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Chamfered brake pads

I saw someone filing their new brake pads. I think it was on the leading and trailing edges, at 45 degrees, and only taking the height down by no more than 5-10%. I imagine this helps keep the pad flat on the rotor whilst braking, and helps break in the pads.

Is that sensible? Do some new pads come that way? Anyone care to comment?

Some pads DO come that way.

Some pads come that way, but I can’t see doing it to pads that don’t. Can’t hurt anything that I can see, however, unless one gets too excited with the file.

The chamfer is designed to reduce brake squeal. Some pads will “ring” when at full thickness and reducing the contact length when at full thickness by adding a chamfer can help this. As it wears down the pad no longer “rings” and can take the full length. As other posters here have said, some pads come that way. Some pads have a slot cut in the middle to help this, too. Some mechanics will add their own because they think it will reduce bring-backs for noise.

The Delcos I put on recently were that way.

@Mustangman makes sense - my pads have a slot but no chamfer. Never understood til now.

I never understood the need for the chamfer since better stopping power is had by more pad contacting the rotor surface. Thanks @Mustangman now I know why they are made that way.

I’ll add some of my observations

Over the years, I have not noticed that the chamfers or slots have reduced noise whatsoever

That goes for factory AND aftermarket brakes, semimetallic and ceramic

Some of the best brake pads had no slots and no chamfers, and they were quiet, all the way down until they hit the audible wear indicators

When I see guys chamfering brake pads before installation, I walk far away and laugh, so that the guy can’t hear me.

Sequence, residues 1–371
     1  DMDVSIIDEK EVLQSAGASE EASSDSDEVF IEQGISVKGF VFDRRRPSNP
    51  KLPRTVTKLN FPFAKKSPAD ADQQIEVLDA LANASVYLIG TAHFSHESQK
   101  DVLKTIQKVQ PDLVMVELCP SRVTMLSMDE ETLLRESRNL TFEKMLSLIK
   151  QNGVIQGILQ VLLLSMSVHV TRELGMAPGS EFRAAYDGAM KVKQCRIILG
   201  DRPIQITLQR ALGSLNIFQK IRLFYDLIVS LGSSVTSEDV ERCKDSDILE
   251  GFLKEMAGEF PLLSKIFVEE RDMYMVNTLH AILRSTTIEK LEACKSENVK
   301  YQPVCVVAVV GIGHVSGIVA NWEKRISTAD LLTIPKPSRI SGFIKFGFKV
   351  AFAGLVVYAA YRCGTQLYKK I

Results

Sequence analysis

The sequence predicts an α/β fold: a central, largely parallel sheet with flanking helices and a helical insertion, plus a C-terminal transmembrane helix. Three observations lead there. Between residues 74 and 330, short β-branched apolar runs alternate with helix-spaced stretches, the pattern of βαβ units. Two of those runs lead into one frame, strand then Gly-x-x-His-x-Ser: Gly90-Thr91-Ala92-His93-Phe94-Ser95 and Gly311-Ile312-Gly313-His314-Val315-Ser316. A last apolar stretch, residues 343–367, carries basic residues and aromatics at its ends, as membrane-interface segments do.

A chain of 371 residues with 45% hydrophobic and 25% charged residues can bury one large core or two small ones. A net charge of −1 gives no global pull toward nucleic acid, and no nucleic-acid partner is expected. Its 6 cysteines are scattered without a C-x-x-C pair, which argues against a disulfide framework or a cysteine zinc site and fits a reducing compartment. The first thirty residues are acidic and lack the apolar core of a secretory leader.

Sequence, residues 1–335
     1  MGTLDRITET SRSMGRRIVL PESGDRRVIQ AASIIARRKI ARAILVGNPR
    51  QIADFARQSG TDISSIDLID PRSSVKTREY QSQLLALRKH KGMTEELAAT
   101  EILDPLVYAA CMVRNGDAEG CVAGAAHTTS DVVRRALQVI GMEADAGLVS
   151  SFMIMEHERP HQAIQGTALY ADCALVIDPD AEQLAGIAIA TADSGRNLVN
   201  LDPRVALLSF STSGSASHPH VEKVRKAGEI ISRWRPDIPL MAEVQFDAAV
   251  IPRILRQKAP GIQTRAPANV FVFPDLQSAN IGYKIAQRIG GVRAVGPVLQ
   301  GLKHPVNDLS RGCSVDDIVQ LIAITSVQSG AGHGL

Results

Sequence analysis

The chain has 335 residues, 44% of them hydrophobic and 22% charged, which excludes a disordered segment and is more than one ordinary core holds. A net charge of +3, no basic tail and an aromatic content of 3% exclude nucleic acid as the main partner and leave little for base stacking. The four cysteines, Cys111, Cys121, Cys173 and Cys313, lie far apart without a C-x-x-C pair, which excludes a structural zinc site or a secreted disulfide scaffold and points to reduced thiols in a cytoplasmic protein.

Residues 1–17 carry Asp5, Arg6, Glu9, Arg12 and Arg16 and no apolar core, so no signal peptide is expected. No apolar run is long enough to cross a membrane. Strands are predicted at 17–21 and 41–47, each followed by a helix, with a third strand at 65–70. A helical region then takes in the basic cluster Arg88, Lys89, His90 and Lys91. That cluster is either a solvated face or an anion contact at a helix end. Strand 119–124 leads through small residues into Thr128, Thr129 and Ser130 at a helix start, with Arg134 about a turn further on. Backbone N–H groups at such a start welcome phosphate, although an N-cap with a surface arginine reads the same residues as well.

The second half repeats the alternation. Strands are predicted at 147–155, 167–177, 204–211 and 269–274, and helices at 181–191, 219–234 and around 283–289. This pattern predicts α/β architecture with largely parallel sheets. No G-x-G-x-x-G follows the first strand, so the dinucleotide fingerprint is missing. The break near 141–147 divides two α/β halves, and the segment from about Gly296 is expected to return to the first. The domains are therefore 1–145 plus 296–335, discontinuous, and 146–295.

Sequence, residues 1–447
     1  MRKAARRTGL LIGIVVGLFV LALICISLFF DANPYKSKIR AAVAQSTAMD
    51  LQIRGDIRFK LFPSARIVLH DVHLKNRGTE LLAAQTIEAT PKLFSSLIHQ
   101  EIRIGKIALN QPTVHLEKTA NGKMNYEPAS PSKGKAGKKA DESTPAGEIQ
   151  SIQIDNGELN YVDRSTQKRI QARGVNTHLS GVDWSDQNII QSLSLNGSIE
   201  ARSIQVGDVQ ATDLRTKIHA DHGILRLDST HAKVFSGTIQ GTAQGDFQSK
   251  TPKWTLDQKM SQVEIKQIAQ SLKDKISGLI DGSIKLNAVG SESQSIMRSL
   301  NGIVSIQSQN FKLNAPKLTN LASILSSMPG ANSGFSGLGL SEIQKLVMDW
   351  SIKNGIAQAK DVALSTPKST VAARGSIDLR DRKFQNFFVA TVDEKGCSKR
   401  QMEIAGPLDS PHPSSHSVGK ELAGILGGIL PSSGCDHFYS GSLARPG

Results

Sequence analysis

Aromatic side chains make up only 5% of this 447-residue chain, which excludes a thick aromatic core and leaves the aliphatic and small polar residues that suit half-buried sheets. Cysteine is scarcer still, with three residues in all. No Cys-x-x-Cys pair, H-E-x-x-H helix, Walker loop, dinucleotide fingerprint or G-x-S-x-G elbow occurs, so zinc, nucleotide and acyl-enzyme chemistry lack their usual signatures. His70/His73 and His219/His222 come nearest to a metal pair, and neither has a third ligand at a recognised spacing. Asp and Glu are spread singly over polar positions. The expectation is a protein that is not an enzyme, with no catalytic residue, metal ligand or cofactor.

If it makes the guy feel good, fine

But I don’t chamfer brake pads. I don’t modify brake pads. I install them with shims and brake paste, if applicable

No problems yet

That 10 minutes that those guys spend adding a chamfer, I spend that time getting started on the next job

I’ve always chamfered and slotted pads that did not come that way out of the box. I also don’t think that I’ve ever spent more than 3-4 minutes to chamfer and slot a full set. If it helps one iota in regards to brake function, longevity, and noise issues then it’s 3-4 minutes worth eating is the way I look at it.

EBC (one of the larger brake manufacturing companies) explains far better than I can why chamfering and slotting can help.

Were the pads without the chamfer cheap replacement pads?

@‌jtsanders I could / did not see detail of the pads being filed. The pads I have are Textar and Porsche (front and rear, respectively, low and high price, respectively)


Textar has . . . at times . . . been the OEM for some european auto manufacturers